BUCKHANNON -- While some youth prefer to spend their summer at the edge of the pool, others are spending theirs at the bottom of the sea.
"Eeeeewwww," said a cluster of fifth and sixth graders, peering through a microscope at squirming bacteria.
Learning about the aquatic bacteria, drawn from a local stream, is just a small part of "A Journey to the Bottom of the Sea," a marine biology-centered camp for gifted children going on at West Virginia Wesleyan College this month.
"We have three programs -- marine biology, astronomy and geology, that the fifth and sixth graders rotate through from year to year," said Laurie McCormick, administrative assistant for the Summer Gifted Program.
Students must score in the 97th percentile on a nationally standardized test to attend.
"They're from all over -- West Virginia, Florida, Virginia, Pennsylvania, New Jersey, Ohio," McCormick said. "We even have one from L.A."
One Virginia student, Payton Wang, said she and her mother discovered the camp on the Internet.
Her favorite parts in the first of two weeks were comparing flame colors in a chemistry class and debating the merits of Captain Nemo's actions in a literature class devoted to "20,000 Leagues Under the Sea."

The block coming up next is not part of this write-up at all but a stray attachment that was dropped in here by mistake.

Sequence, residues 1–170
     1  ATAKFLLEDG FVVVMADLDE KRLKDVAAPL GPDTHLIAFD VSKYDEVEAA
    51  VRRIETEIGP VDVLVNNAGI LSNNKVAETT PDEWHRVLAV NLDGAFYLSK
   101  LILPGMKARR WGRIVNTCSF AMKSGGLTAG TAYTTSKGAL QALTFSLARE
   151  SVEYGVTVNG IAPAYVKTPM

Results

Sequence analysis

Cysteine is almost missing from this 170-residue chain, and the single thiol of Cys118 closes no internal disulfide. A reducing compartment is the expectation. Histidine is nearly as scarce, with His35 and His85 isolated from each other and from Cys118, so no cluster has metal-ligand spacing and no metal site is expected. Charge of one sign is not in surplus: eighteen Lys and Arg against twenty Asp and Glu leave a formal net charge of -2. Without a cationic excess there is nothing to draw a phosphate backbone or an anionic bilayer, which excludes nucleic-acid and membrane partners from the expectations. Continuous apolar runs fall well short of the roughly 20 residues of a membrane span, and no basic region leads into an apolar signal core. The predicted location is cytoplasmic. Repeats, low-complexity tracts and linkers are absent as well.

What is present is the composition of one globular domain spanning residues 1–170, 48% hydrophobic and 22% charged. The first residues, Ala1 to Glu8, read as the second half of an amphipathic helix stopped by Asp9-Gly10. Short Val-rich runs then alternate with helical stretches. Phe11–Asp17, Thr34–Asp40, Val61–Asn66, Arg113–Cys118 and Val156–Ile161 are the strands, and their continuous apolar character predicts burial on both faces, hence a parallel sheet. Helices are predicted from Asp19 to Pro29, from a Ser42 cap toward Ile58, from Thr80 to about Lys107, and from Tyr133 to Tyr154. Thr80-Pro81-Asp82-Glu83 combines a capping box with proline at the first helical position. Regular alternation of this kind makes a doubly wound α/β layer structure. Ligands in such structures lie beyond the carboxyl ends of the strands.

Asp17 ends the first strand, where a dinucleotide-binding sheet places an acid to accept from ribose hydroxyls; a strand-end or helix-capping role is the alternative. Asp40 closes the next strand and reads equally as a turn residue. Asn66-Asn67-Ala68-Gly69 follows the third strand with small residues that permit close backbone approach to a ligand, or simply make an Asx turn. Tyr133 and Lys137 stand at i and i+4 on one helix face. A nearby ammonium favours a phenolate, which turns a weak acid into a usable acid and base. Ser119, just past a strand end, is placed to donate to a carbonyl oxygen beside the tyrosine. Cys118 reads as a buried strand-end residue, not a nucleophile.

Elkins student Erin Gibson said she became interested in marine biology after going whale watching with her aunt on the Maine coast.
While theme-based studies extend to everything from math to composition, fun is built into the program as well, McCormick said.
Group activities include the occasional journey to a pizza parlor or community pool, for example.
Summer Gifted Program, which also offers camps for gifted students through 12th grade, was founded by Dr. Joseph Wiest a Wesleyan physics professor, and his wife, Dr. Jeanie Wiest, nearly 20 years ago.
"We had two gifted children ourselves and there wasn't any program of this kind closer than North Carolina," Joseph Wiest said. "We felt that there was a real need in West Virginia."
He sees the camps as a way to teach directly toward top students, who are generally in classrooms where instruction is aimed toward middle-ability students. For example, 11-year-old campers are studying physics.
Students and their parents have certainly responded. Starting with only 12 students, the grade five-12 enrollment is now about 130, Joseph Wiest said.
McCormick believes a part of the program's charm to students of all ages and genders is environmental, as well as intellectual.
"They're getting a two-week taste of college," McCormick said. "They're staying in the dorms. They're eating in the dining hall."
Regional Editor Nora Edinger can be reached at 626-1403.